The popularity of heavily peated single malt from Islay has never been greater than it is now and with increased demand comes increased cost – particularly for older expressions. This is not to say that there aren’t good value expressions out there though. I’ve already reviewed the Lagavulin 16, Laphroaig Quarter Cask and Bowmore 12 year old on whiskyreviews.net. However, there are other means of obtaining decent Islay malt at a good price…
There are many independent bottlers operating on today’s whisky landscape, usually sourcing single casks here and there and bottling them when they feel the time is right. However, occasionally these independents secure a more regular supply of whisky and decide to release it as an ongoing brand. Usually they’re contractually forbidden from revealing the origins of the liquid which can put some consumers off but particularly with Islay Malt, there aren’t that many possibilities – we know it comes from one of eight distilleries at least.
Some of these brands can represent good value for money and I thought it might be interesting to review one but since I had two in my collection I thought I may as well cover them both…
First up is the ‘Extra Rare’ expression of Smokehead. This is a travel retail exclusive bottled by Ian Macleod Distillers (owners of Glengoyne). It’s heavily peated and while it isn’t the cheapest at around £50, it does come in a 1 litre bottle (there is also a regular Smokehead expression that comes in at a more reasonable £35). Now, curiosity naturally leads us to question which distillery may have produced this stuff and often a little digging can provide some hints. Caol Ila is the biggest producer on the isle of Islay and is often found amongst the independent bottlers which could make it a safe bet but there is also some suggestions that this comes from Ardbeg. Now, given the scarcity of independently bottled Ardbeg I would be surprised if this were true but having tasted the whisky I’m not so sure…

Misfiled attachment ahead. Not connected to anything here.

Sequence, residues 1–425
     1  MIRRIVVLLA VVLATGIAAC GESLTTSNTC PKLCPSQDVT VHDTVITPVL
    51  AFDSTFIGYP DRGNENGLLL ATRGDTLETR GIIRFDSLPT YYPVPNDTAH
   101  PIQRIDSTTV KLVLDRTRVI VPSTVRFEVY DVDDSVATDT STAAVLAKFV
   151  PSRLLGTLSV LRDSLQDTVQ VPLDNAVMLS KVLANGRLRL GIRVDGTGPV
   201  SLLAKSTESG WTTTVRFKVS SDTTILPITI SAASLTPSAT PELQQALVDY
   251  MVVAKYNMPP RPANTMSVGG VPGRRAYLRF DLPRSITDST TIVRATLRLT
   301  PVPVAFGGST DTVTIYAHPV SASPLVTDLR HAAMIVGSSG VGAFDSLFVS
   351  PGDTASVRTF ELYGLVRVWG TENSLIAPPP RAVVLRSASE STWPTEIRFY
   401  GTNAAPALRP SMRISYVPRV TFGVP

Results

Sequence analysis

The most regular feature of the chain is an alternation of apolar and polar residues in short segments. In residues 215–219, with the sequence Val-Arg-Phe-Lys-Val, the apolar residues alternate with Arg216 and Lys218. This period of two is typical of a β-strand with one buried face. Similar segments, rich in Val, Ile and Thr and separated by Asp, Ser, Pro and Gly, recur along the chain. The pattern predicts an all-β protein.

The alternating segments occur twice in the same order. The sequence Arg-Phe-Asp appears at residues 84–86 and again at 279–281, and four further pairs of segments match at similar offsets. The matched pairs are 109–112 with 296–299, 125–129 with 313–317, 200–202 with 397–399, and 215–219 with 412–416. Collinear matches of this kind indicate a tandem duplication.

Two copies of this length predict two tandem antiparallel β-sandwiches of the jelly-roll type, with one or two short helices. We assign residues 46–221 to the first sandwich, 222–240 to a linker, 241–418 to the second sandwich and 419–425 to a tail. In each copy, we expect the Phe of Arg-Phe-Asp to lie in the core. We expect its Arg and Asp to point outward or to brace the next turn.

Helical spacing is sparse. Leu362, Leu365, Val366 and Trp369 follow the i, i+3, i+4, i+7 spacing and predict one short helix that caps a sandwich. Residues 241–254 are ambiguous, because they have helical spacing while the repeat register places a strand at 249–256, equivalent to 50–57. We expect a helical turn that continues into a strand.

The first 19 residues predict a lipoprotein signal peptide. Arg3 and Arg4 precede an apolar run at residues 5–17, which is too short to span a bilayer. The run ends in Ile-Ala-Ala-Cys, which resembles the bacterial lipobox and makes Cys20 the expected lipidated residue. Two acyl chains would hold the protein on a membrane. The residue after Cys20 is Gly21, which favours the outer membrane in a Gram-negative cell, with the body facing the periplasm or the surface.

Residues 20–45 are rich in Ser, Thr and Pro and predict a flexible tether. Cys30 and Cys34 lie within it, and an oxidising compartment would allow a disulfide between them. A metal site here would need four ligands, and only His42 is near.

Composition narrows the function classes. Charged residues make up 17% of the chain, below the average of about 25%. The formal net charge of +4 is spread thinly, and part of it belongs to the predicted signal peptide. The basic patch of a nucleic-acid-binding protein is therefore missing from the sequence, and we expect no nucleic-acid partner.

On the nose there’s smoke (naturally). Big, medicinal peat smoke with Tar, Iodine and TCP and more than a hint of burnt toast. There’s a note of barley and some Lemon and maybe a touch of Pineapple. The taste kicks off with big tobacco smoke, honey and vanilla and a little Caramel.
The Scores: About the Scoring System…
Smell: 17 / 20. Smoke, smoke and more smoke but then what else would you expect?
Taste: 16.5 / 20. A pleasant dram that doesn’t offer anything particularly original but should be enjoyable to most Islay fans.
Value for Money: 6.5 / 10. Not bad but £50+ seems a little excessive for a non age statement, 40% ABV single malt – even for a litre bottle.
Overall: 40 / 50. A decent enough alternative to the usual smokey suspects though perhaps just a little overpriced. You could pick up a Ten year old Ardbeg, bottled at 46% for a similar price and I know which I’d rather have.
Next we have the Ileach Cask Strength Edition, bottled by The Vintage Malt Whisky Company. It comes in at a whopping 58% and sells for around £40. (There is also a regular Ileach release bottled at 40% which sells for £25 – £30). Once again, the identity of the Distillery is unknown although many commentators seem to link it with Lagavulin. Like Ardbeg, you do not find independently bottled Lagavulin very often so if what we have here is a young Lagavulin at Cask Strength for £40 then we are looking at an exceptionally good buy.
On the nose there’s Bonfire Smoke and Charcoal, Burning Grass and Chargrilled Meats along with some notes of Fruit Jam – Raspberry and Blackcurrant spring to mind. On the palate meanwhile is a burst of Smokey Barbecue, Sea Salt, Blackcurrant Jam with Orange and some bitter Dark Chocolate.
The Scores: About the Scoring System…
Smell: 18 / 20. Big, intense and feisty nose that draws me in every time.
Taste: 18 / 20. Intensity is the key word here as well, huge big flavours of smoke, salt and fruits. Lovely.
Value for Money: 9.5 / 10. Even with it’s origins concealed and no age statement, this is a great dram for the money.
Overall: 45.5 / 50. If this isn’t a young Lagavulin it’s doing a damn good job of trying to be.